March 17, 2020
Tinnitus is the name given to phantom sounds in the ear,which many people find a continual distraction in their daily lives.
However, there are some common myths and misconceptions about Tinnitus, as well as some basic facts about Tinnitus that it's useful toknow.
If you think you might have Tinnitus or you're just curious to learn more about it, here are seven key facts to get you started.
First of all, Tinnitus itself is not a 'condition' but is a symptom of several possible forms of ear injury and hearing loss.
Because of this, it's important to get it checked out. Even if the Tinnitus itself is not so noticeable as to be distracting, your overall ear health and hearing could benefit from a check-up.
As many as one in five people suffer from Tinnitus to some extent. Many people just choose to ignore it but there's no reason to live with it, as there are plenty of potential treatments.
'Ringing in the ears' is the common definition of Tinnitus but the noises you hear might not be high-pitched.
Many Tinnitus sufferers instead hear hissing, buzzing or crackling - imagine an electric speaker left on standby or an FM radio tuned between stations.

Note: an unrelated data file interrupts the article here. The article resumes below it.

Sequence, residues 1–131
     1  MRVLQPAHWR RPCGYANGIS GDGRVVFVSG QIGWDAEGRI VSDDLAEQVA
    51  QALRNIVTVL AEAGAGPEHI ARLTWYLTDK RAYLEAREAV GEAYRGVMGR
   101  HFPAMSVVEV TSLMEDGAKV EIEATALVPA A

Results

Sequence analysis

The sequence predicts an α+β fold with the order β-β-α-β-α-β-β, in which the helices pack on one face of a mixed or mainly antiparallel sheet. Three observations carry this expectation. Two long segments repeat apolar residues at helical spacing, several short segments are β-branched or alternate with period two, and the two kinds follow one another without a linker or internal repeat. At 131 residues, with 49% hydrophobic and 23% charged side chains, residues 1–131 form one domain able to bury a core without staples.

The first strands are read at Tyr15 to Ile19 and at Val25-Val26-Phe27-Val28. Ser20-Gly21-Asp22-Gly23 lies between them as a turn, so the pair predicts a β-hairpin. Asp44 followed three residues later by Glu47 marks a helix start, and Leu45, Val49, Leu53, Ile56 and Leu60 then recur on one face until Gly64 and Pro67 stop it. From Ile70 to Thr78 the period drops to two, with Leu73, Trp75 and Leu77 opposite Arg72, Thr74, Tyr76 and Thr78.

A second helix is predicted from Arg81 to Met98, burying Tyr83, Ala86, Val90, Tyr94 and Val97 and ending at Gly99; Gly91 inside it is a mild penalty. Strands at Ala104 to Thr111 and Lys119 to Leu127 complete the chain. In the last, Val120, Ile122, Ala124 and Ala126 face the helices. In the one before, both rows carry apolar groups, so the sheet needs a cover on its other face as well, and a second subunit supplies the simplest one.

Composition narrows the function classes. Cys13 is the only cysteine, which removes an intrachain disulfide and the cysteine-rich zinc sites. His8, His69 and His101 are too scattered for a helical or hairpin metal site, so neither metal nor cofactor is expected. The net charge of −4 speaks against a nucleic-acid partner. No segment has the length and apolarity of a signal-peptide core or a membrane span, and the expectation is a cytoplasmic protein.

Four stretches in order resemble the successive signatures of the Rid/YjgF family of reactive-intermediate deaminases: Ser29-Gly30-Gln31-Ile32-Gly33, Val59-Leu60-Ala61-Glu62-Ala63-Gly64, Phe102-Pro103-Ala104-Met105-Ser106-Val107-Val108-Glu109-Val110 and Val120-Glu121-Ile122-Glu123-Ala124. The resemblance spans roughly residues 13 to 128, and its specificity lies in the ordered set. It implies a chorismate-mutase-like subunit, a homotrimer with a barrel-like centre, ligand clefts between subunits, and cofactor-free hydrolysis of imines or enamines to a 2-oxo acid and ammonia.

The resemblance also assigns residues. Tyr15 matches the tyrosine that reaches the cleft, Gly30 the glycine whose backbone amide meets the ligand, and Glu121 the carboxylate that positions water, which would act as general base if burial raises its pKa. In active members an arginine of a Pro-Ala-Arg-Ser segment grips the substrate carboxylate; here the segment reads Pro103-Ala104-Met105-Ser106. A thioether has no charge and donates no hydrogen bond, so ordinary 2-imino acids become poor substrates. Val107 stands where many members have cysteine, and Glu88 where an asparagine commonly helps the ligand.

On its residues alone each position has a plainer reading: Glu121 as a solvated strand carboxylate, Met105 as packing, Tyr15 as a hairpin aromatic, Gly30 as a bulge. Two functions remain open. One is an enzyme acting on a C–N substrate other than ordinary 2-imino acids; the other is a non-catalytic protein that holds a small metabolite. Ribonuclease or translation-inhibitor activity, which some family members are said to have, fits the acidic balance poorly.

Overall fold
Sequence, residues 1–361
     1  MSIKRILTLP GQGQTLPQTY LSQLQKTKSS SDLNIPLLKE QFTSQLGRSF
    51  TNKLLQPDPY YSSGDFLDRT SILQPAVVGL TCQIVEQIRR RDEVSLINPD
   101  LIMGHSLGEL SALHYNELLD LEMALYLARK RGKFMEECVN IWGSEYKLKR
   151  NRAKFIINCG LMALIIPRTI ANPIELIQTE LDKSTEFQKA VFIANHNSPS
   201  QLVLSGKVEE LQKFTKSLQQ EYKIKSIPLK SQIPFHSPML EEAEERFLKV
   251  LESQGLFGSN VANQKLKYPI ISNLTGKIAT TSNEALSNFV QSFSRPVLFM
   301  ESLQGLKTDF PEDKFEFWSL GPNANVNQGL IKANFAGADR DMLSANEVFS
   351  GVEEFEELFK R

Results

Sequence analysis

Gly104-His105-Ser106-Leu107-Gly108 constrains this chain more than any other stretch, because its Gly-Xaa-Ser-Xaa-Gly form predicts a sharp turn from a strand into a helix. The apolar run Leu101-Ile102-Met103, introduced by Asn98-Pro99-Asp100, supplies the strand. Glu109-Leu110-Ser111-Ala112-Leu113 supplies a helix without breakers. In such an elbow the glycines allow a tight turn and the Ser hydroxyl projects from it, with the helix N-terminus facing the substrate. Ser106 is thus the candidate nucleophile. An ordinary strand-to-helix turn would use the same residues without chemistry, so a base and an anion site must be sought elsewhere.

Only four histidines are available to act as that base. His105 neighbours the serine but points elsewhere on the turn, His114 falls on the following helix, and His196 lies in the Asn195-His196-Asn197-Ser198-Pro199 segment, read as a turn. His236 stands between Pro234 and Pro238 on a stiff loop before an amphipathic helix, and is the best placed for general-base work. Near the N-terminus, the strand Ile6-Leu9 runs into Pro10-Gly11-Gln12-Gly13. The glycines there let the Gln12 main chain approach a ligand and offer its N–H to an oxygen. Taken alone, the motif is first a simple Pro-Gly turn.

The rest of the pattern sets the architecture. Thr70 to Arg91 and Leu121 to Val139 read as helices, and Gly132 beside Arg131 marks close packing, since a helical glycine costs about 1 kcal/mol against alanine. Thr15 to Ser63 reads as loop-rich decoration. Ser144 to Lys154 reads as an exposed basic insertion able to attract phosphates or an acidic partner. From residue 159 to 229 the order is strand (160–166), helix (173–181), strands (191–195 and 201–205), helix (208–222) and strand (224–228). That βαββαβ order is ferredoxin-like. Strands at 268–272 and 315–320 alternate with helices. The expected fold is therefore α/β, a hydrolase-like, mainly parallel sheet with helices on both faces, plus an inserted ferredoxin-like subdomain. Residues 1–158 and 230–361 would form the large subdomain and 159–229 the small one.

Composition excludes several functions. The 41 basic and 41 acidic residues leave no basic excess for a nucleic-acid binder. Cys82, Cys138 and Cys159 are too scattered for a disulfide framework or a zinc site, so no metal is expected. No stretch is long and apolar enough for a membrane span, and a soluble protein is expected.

Some Tinnitus patients report their symptoms as being intermittent. In other cases, the Tinnitus may only be perceived at night when most other noises are quiet.
This is when Tinnitus management and sound therapy can help the most, so you are not left lying awake listening to the ringing or buzzing noises inside your head.
Many patients report their Tinnitus gets worse when they are stressed. Some management techniques for Tinnitus therefore focus on relaxation, including simple methods like deep breathing and muscle relaxation to ease your symptoms.
This is unfortunately often the case. Tinnitus may be a symptom of damage to the ear drum or elsewhere inside the ear, or simply a sign of age-related hearing loss, so a full hearing test is crucial to diagnosing the full problem and treating it appropriately.
Depending on the underlying cause, Tinnitus can sometimes be curable - you might just need wax removed from your ears, for example.
There are even treatments for chronic Tinnitus, such as using modern digital hearing aids to compensate for the phantom sounds to make them much less distracting.